6. Hi Jack. I also enjoy your posts, but like Kris wonder what has spurned this post. While all of our practices see’s highs and lows, it is all of our responsibility as Sangha members to prop each other back up and point the way back down the path to Enlightenment at any cost.I myself shared your sentiments as a member of a Zen community and really got a bad taste in my mouth about the elitism and the collective segregation that you touch upon in your words. My point here is NOT attacking Zen, but at the same time, when my family moved to New England, I could not find a local Zen Sangha and found a Nichiren Shu temple. At first reluctant, I attended a service and have since taken Jukai under the resident teacher. What was most surprising in the initial stages of accepting new practice and change was the new understanding of boundaries that some sects put around themselves severely hinder the core of the practice itself which is to attain Enlightnement for ourselves to ultimately benefit all living beings. Sometimes change is good and necessary to invigorate our Buddha Nature. Most of the time its not our ‘chants that are stale’, but our own ego telling us that things are stale. This is when we come back to our cushion, our Sutra or mantra of veneration, and re-learn everything there is to appreciate exactly as it is.I thank you for your post and for its ability to spur my practice for you and for all other beings.Namu Myoho Renge Kyo!Drew Kairen Warren

  7. Hi JD,I’ve had a few different descriptive/defining labels knocking around my head that may be used to describe some subtly, and not so subtly, differing behaviors in myself and others:There’s Buddhism (practicing what the Buddha did… or so they say).There’s Buddha-ism (the cults of ‘what the Buddha said’).There’s Buddhistism (the cults of ‘buddhists don’t do that’ and/or ‘buddhists do this’ etc etc).The last one seems pretty strong at the moment what with the whole US ‘Engaged Buddhism’ malarkey.If we put our mind to it I’m sure there’s more to be spotted. Regards,Harry.

  8. Hi Warren. It is a long, complicated and unfortunate story. I do appreciate the comments from yourself and (as awlays) Kris. Consider this a low in my experience with organizational Buddhism. As such, I do feel that a loosely knit community of practitioners is more appropriate to my practice at the time.The chants, sitting, temple and mantras are empty of meaning. What we bring to the practice is important. My run-in with some indidividuals that have a hollow practice (no matter the color or condition of robes) instigated this little post.”My point here is NOT attacking Zen, but at the same time, when my family moved to New England, I could not find a local Zen Sangha and found a Nichiren Shu temple”I did not take it as an attack towards me or towards Zen (even if it was an attack towards Zen, it is your attack to make if needed). I agree that whether Zen, Nichiren, Shin or “other” what we bring to the practice is more important than what the practice brings to us.Cheers,John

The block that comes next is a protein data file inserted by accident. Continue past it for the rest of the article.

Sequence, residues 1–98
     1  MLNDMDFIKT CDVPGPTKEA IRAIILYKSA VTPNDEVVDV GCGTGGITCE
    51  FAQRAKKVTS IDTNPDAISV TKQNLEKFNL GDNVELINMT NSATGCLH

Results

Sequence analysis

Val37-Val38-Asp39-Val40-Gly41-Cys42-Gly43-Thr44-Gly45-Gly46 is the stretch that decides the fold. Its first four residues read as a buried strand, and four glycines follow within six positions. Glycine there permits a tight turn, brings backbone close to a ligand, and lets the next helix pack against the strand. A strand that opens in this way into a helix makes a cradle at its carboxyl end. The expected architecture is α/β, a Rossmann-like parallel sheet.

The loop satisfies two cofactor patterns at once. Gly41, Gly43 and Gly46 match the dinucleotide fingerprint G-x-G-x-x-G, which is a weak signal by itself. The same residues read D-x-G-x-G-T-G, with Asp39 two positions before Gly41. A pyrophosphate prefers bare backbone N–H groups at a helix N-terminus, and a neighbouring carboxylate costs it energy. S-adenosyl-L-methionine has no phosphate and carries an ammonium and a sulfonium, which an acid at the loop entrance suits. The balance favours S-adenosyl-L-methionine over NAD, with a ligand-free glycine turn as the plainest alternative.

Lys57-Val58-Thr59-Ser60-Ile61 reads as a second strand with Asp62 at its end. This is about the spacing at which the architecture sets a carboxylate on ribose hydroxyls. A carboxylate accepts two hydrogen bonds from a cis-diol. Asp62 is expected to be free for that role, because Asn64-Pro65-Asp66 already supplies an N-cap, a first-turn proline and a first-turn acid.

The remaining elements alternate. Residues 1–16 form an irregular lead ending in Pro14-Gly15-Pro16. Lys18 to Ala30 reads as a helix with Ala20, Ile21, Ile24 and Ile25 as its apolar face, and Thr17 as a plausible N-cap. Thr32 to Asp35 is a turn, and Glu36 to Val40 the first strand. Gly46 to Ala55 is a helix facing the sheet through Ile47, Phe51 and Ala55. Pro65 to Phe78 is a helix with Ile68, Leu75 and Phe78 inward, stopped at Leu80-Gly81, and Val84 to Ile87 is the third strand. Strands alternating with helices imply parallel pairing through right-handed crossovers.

9. Well stated my friend.Just maintain faith that no matter what happens in your practice, however you practice, you will never lose the jewel of Buddha Nature that you possess. ~Drew

  10. An excellent post, thank you very much. Some times I sit and wonder whether I’m alone in my view of the Buddhist world. It’s very reassuring to learn that at least one person (and probably many more) share a common opinion. Actually, I know a lot of people share this view, they just don’t make a fuss about their practice. I’m happiest not belonging to a particular group, not putting a label on myself, not following a ‘guru’. I’m doing the best I can, making mistakes and finding my own way. I’m trying to be a light unto myself as someone once said. Too many people in this community seem to want to bask in the light of another. They want to believe and to venerate, to introduce divisions between people, to assert a hierarchy and to make claims for their version of ‘the truth’. They’re cling to the exoticism of a new Tibetan name or a Japanese robe when they could be building a practice appropriate to this time and place. It’s the only one they’re ever going to have. Some of the online controversy I’ve witnessed recently has just reconfirmed to me that it is more important to be a buddha than a buddhist. Buddhists as a group don’t seem to be any more mindful of the destructive effects of greed, hatred and delusion than other other group. Sectarian has never been a good thing to be…

  11. Thanks to Peter and everyone’s comments. I find that when I open myself up like this I tend to find many that feel the same way. Unfortunately that same trend of openeness can leave one exposed to abuse. So I am so very pleased with everyone’s input, concern and comments.Cheers,John